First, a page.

Florida Court Rejects Plaintiffs Request to Pursue Punitive Damages

The decision to put a loved one in a nursing home is undoubtedly a difficult one. When you finally make such a decision, you expect that your loved one will receive adequate care. Sadly, this does not always happen. In fact, nursing home negligence and abuse is quite common both in Florida and across the US. Whether you are a nursing home resident or your loved one has been injured while in the care of a nursing home facility, we are here to help. Our Miami nursing home negligence attorneys are devoted to protecting the rights of Florida clients. We know how overwhelming it can be dealing with a nursing home injury, but you can trust that we will focus on the legalities of your case so you can focus on moving forward.

In Carpenters Home Estates v. Sanders, the estate of a deceased woman filed a wrongful death lawsuit against the nursing home alleging that the nursing home’s negligence was the cause of the woman dying. Some time after the complaint was filed, the estate asked the court for leave to amend the complaint in order to add a claim for punitive damages. The trial court allowed the plaintiff to do so, and the defendant nursing home filed an appeal.

The appellate court reversed the trial court’s decision to permit the estate to pursue punitive damages, reasoning that when a plaintiff asks for leave to add a claim for punitive damages, the lower court is required to decide whether there is a showing of admissible evidence that provides a reasonable basis to recover such damages. A plaintiff, according to the court, can show this by establishing one of two things: direct liability or vicarious liability.

Direct liability can be established by showing that the defendant “actively and knowingly” took part in “intentional misconduct” or behavior that would constitute “gross negligence.” In order to show vicarious liability, the plaintiff is required to show that the employee or agent of the defendant nursing home took part in the above conduct and that an officer, director, or manager approved, sanctioned, or allowed the conduct in question.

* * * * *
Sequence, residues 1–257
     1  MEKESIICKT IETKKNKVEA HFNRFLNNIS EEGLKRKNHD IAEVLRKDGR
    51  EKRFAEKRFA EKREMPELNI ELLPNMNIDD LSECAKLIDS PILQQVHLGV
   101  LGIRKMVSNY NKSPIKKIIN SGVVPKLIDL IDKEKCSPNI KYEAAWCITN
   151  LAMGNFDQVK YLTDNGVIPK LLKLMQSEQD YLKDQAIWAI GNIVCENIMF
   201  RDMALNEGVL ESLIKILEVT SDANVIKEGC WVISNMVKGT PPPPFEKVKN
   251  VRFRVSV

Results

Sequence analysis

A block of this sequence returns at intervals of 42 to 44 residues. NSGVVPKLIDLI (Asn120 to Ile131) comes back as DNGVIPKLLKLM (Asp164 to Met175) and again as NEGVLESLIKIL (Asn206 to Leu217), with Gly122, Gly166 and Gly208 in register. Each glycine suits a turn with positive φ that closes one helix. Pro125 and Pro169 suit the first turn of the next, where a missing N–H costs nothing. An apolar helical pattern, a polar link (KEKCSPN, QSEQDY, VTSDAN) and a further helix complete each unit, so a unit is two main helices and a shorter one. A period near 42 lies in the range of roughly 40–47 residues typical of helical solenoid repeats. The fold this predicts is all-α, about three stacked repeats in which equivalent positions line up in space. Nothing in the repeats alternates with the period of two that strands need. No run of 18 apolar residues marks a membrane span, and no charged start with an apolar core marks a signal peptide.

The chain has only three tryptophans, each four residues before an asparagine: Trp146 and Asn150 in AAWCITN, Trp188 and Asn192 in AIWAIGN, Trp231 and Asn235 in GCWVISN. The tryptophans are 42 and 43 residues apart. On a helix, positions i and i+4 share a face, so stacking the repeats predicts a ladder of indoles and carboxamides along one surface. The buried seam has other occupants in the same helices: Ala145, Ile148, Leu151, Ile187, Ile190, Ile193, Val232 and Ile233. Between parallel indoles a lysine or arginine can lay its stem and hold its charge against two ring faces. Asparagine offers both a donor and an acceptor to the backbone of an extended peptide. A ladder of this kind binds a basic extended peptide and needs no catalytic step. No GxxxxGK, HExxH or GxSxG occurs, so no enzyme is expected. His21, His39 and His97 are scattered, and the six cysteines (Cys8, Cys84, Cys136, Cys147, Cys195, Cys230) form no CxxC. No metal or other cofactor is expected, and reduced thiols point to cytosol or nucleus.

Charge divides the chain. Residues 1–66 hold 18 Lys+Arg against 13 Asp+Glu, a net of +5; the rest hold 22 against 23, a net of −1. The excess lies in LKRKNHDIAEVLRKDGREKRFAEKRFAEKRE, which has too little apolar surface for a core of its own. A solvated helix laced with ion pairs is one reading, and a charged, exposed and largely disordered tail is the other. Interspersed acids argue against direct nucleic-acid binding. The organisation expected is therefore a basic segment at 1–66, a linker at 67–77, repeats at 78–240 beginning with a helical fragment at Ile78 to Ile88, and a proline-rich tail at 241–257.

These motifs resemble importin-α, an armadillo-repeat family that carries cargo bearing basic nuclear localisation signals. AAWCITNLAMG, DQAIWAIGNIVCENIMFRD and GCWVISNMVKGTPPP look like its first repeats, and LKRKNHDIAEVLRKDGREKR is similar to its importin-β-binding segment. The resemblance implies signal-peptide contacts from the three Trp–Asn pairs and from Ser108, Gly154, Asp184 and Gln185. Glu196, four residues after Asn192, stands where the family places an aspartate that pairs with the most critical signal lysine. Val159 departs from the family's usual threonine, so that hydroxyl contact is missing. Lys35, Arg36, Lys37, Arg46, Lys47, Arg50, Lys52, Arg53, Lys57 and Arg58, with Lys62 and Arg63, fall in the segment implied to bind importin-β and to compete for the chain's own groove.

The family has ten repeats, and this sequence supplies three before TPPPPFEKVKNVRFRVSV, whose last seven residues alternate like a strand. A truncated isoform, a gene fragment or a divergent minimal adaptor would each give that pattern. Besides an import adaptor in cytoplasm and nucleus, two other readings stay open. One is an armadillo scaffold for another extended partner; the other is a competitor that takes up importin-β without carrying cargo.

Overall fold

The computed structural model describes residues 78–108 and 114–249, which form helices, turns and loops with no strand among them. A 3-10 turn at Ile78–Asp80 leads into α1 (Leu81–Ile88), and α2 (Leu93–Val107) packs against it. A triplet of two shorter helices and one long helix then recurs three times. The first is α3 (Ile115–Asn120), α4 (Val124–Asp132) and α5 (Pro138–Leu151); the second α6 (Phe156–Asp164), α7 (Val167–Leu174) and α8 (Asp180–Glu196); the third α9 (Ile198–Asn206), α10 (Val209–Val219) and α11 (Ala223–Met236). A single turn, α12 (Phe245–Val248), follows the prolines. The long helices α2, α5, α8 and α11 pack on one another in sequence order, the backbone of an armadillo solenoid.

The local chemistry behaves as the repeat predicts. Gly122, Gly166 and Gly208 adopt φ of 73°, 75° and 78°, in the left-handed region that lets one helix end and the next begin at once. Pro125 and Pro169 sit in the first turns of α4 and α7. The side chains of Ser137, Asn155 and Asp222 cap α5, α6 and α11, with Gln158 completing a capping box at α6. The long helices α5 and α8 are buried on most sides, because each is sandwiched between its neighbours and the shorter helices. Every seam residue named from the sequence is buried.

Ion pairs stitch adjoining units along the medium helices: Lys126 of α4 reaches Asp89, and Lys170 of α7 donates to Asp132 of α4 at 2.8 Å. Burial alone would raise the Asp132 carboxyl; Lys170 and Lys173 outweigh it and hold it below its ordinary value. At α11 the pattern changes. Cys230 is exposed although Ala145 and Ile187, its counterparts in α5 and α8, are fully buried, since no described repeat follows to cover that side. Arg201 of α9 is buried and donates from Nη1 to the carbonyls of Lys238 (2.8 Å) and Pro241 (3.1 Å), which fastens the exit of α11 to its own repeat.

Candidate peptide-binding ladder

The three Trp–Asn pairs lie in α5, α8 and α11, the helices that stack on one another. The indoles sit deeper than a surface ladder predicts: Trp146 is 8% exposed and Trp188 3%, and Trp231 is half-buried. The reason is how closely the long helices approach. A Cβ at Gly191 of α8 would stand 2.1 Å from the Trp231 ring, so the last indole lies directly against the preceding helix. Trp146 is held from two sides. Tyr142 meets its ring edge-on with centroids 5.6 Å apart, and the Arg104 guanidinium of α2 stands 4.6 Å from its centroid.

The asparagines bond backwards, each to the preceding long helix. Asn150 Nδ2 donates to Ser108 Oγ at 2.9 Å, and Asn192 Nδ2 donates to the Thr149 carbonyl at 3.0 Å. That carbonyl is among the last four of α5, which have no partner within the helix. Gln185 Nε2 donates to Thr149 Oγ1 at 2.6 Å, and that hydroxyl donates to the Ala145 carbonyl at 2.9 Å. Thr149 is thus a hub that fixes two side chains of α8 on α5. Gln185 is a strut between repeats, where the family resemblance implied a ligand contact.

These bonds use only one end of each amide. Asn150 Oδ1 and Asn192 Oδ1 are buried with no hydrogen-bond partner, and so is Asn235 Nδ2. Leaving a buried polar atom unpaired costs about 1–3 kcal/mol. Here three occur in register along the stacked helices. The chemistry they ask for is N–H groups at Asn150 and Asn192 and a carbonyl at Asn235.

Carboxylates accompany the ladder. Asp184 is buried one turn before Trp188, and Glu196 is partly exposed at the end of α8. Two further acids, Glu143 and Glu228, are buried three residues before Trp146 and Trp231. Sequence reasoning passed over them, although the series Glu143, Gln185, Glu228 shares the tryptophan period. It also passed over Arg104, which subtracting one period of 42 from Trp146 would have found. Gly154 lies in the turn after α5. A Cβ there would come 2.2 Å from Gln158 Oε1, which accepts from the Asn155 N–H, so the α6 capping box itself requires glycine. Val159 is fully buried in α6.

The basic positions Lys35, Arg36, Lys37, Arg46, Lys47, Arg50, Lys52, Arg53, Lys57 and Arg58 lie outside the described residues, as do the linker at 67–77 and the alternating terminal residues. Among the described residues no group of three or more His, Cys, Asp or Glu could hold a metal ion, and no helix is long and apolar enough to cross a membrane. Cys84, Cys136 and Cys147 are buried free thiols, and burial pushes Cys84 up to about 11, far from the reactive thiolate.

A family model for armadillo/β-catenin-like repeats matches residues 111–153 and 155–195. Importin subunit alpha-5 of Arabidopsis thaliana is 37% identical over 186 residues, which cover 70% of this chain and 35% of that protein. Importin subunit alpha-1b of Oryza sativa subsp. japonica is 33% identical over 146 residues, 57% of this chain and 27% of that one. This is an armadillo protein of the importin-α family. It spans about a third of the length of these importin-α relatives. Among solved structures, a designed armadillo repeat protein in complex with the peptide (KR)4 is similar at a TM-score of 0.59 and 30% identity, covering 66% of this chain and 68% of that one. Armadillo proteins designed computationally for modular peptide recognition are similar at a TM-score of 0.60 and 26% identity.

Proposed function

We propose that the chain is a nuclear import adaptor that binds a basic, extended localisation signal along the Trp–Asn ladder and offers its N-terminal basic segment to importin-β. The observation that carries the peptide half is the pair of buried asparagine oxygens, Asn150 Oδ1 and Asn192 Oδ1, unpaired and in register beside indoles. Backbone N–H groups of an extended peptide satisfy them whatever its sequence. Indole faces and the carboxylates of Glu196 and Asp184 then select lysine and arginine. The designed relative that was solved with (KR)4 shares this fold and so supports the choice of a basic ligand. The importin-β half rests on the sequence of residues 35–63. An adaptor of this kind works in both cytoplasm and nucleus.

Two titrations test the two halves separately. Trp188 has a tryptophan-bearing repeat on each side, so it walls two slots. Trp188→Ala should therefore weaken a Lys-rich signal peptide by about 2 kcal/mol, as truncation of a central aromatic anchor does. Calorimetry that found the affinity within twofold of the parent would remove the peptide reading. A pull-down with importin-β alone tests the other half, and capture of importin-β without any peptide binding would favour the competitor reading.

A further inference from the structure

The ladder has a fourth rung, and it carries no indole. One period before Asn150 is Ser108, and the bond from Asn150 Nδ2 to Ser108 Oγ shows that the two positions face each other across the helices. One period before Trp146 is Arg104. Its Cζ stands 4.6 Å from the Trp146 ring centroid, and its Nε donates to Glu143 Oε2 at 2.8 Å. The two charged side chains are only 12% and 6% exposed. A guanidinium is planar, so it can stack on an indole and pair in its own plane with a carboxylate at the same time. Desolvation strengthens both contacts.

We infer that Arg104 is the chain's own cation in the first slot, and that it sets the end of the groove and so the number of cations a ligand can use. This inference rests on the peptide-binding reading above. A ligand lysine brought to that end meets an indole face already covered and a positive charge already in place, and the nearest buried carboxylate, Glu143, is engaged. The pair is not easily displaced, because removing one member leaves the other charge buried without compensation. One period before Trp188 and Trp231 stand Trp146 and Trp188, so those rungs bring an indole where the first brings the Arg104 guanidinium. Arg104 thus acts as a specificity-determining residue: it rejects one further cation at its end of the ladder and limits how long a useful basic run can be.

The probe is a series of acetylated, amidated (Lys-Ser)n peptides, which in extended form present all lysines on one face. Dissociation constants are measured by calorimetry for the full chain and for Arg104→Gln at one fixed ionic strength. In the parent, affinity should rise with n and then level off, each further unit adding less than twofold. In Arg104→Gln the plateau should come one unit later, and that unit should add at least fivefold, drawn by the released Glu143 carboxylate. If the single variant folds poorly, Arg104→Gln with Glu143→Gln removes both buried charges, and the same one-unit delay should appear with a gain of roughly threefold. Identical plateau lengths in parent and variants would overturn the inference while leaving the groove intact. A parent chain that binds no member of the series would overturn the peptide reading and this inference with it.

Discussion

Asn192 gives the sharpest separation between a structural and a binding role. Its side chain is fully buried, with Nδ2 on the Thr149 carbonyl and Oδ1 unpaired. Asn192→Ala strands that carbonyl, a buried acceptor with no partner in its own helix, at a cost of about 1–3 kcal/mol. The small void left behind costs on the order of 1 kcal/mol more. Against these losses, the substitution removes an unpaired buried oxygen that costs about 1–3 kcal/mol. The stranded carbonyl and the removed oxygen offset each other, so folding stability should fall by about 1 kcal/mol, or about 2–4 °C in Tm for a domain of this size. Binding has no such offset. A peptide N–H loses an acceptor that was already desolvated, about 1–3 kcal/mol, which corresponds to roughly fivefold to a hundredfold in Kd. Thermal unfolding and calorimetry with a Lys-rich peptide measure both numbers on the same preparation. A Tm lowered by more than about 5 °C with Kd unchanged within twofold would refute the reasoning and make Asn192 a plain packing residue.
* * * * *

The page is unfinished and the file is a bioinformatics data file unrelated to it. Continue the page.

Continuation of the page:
Here, the court stated that the plaintiff proved neither direct liability nor vicarious liability. While the plaintiff offered evidence showing numerous appalling instances of staff providing substandard care, there was nothing to suggest that any of the staff members’ behavior could be attributed to the nursing home. The court further explained that were was no information to indicate that the nursing home administration failed to sufficiently train staff or misdirected them in any way. Therefore, while each of the staff members were negligent in their care of the woman, such negligence could not be attributed to the defendant nursing home.

The court determined that the trial court had failed to make sure that there was a reasonable basis, based on adequate evidence, to believe that plaintiff show by clear and convincing evidence that punitive damages were warranted in this case. As such, the lower court’s decision to permit the estate to seek punitive damages was reversed.

If you believe your loved one has been injured or the victim of wrongful death due to nursing home negligence, you may be entitled to compensation. At the Law Offices of Robert Dixon, our diligent Miami nursing home negligence attorneys understand how to collect evidence and build a strong case on your behalf. To speak to us in more detail about your case, contact us online or call us today at 1-877-499-HURT (4878).

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